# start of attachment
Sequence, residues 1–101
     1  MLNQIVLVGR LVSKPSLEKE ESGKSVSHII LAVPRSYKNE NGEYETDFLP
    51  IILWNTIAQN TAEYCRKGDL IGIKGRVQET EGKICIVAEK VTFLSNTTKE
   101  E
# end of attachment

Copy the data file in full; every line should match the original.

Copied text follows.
Sequence, residues 1–101
     1  MLNQIVLVGR LVSKPSLEKE ESGKSVSHII LAVPRSYKNE NGEYETDFLP
    51  IILWNTIAQN TAEYCRKGDL IGIKGRVQET EGKICIVAEK VTFLSNTTKE
   101  E